Ex2 Chapter 12 – BGP basics

The Border Gateway Protocol (BGP) is the core routing protocol of the Internet. It maintains a table of IP networks or 'prefixes' which designate network reachability among autonomous systems (AS). It is described as a path vector protocol. BGP does not use traditional Interior Gateway Protocol (IGP) metrics, but makes routing decisions based on path, network policies and/or rulesets.

Routers use “routing protocols” to exchange routing information with each other.

neighbor ebgp-multihop - To accept and attempt BGP connections to external peers residing on networks that are not directly connected.

no synchronization - if an AS provides transit service to another AS, BGP should not advertise a route until all of the routers within the AS have learned about the route via an IGP. A BGP router with synchronization enabled does not install iBGP learned routes into its routing table if it is not able to validate those routes in its IGP.

next-hop-self - allows you to force BGP to use a specific IP address as the next hop.

ebgp-multihop - in EBGP, neighbor relationships are only formed if we have directly connected networks. We would require to use ebgp-multihop  keyword with neighbor statement so that neighbors which are not directly connected can form relationship with each other. We need to specify a number with ebgp-multihop keyword, number can be between 1-255. This number represents how many hop counts is the router away.

update-source - You only have to use the update-source command when someone is peering to your loopback address. This is true for an iBGP peer and an eBGP peer.

Auto-summary (BGP)
 - if enabled: BGP automatically summarizes routes to classful network boundaries
 - route summarization is used to reduce the amount of routing information in routing tables
 - Automatic summarization applies to connected, static, and redistributed routes.
 - By default, automatic summarization is disabled and BGP accepts subnets redistributed from IGP
 - To advertise and carry subnet routes in BGP when auto-summ is enabled, use an explicit network command to advertise the subnet.

 - does not apply to routes injected into BGP via the network command or through iBGP or eBGP.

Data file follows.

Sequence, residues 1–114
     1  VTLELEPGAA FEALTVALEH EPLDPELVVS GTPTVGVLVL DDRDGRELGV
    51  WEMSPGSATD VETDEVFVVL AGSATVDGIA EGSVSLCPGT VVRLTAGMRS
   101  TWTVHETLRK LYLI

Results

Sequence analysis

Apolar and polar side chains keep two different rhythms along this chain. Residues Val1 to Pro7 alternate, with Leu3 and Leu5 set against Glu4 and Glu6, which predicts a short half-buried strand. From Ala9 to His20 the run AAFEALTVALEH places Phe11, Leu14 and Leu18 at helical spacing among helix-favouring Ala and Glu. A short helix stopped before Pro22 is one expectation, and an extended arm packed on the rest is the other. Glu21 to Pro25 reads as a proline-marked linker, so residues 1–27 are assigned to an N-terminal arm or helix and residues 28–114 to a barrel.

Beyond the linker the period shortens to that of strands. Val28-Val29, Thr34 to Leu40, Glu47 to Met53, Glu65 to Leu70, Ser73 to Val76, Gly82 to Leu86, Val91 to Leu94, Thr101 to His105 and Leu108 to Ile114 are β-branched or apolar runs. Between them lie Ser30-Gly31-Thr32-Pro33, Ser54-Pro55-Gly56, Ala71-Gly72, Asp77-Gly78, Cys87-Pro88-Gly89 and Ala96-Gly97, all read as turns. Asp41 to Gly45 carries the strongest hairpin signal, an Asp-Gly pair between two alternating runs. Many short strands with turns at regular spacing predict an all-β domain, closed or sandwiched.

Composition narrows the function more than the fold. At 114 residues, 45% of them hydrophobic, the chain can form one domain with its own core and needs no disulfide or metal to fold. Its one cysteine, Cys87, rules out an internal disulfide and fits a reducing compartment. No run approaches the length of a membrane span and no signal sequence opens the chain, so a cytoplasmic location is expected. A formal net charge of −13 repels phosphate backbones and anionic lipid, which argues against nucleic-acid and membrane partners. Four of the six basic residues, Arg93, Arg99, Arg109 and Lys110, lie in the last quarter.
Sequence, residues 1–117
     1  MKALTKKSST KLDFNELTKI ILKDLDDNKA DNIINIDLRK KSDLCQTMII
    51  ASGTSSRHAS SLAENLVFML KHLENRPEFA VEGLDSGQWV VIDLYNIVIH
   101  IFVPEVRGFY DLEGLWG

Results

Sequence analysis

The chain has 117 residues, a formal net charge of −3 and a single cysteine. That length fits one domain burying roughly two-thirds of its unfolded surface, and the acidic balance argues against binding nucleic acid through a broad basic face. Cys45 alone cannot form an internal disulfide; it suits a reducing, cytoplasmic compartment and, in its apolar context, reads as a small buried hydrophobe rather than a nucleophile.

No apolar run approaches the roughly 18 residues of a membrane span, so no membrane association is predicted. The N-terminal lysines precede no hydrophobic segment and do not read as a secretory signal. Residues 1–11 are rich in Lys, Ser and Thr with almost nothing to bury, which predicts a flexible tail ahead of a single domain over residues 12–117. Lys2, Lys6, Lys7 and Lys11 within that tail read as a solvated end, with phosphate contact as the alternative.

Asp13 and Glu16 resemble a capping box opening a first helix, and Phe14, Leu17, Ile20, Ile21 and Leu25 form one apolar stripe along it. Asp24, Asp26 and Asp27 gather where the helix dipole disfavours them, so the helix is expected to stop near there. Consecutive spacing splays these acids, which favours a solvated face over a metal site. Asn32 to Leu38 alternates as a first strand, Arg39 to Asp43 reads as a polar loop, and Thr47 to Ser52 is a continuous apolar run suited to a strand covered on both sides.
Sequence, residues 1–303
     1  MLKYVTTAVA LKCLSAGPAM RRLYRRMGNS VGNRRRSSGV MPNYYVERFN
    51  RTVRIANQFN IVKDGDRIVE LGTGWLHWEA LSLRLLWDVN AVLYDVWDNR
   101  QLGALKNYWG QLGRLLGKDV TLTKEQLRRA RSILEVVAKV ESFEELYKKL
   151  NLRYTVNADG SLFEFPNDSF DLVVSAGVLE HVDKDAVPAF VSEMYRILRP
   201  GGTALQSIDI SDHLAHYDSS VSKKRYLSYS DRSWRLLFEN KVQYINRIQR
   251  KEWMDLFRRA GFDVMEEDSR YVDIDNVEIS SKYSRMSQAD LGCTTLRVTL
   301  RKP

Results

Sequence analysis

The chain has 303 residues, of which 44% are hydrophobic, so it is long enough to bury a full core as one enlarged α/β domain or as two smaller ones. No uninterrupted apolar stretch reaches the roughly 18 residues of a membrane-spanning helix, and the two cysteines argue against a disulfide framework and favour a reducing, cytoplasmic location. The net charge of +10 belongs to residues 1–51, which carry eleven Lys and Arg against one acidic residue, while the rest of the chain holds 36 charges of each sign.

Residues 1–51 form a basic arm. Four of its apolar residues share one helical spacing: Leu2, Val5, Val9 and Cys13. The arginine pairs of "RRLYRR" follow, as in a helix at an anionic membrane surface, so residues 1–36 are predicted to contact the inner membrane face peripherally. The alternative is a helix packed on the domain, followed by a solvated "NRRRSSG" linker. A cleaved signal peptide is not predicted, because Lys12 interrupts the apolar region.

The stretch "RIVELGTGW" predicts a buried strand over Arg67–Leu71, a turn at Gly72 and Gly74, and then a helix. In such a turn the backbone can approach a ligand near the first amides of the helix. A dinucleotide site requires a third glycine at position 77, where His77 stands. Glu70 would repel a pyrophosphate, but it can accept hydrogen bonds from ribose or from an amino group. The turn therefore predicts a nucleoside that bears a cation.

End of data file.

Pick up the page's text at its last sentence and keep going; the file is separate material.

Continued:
MPLS VPNs gives the opportunity to use the same MPLS backbone for different customers or services without each one interacting with the other. It’s pretty common to find different clients using the same private range of IP addresses

RD (Route Distinguisher) - is just that, something to make the of customer A different from the of customer B (is locally significant).
RD transforms an IP address of 32 bits length into an address of 96 bits length, unique in the network.
or 65002:777 

RT (Route Target) - is a 64-bits BGP community used for tagging prefixes. It allows you to control the import/export process within the VRF.

IGP is used to refer to the process running on routers inside an ISP’s network
• Within an Autonomous System
• Carries information about internal infrastructure prefixes
• Examples – OSPF, ISIS, EIGRP
EGP is used to refer to the process running between routers bordering directly connected ISP networks
• Used to convey routing information between Autonomous Systems
• De-coupled from the IGP
• Current EGP is BGP
Routing versus Forwarding
• Routing - building maps and giving directions
• Forwarding - moving packets between interfaces according to the “directions”

Routing table or Routing Information Base (RIB) - is an electronic table (file) or database type object that is stored in a router  or a networked computer. The routing table stores the routes (and in some cases, metrics associated with those routes) to particular network destinations. This information contains the topology of the network immediately around it. The construction of routing tables is the primary goal of routing protocols and static routes.

Forwarding table or Forwarding Information Base (FIB) - is most commonly used in network bridging, routing, and similar functions to find the proper interface to which the input interface should send a packet to be transmitted by the router.

• Neighbours
- AS’s which directly exchange routing information;Routers which exchange routing information
• Announce - send routing information to a neighbour
• Accept - receive and use routing information sent by a neighbour
• Originate - insert routing information into external announcements (usually as a result of the IGP)
• Peers - routers in neighbouring AS’s or within one AS which exchange routing and policy information

Routing Policy

• Used to control traffic flow in and out of an ISP network
• ISP makes decisions on what routing information to accept and discard from its neighbours:
Individual routes
Routes originated by specific ASes
Routes traversing specific ASes
Routes belonging to other groupings
Groupings which you define as you see fit

Border Gateway Protocol BasicsRouting Protocol used to exchange routing information between networks
Described in RFC1771
The Autonomous System is BGP’s fundamental operating unit
Autonomous System (AS)• Collection of networks with same routing policy
• Single routing protocol
• Usually under single ownership, trust and administrative control
• Identified by a unique number
• Autonomous System Number (ASN) - a 16 bit number (1-64511) are assigned by the RIRs
Configuring eBGP

BGP General Operation
• Learns multiple paths via internal and external BGP speakers
• Picks the best path and installs in the forwarding table
• Best path is sent to external BGP neighbours
• Policies applied by influencing the best path selection


BGP: Frequently Asked Questions
BGP @ Wikipedia
Cisco Handbook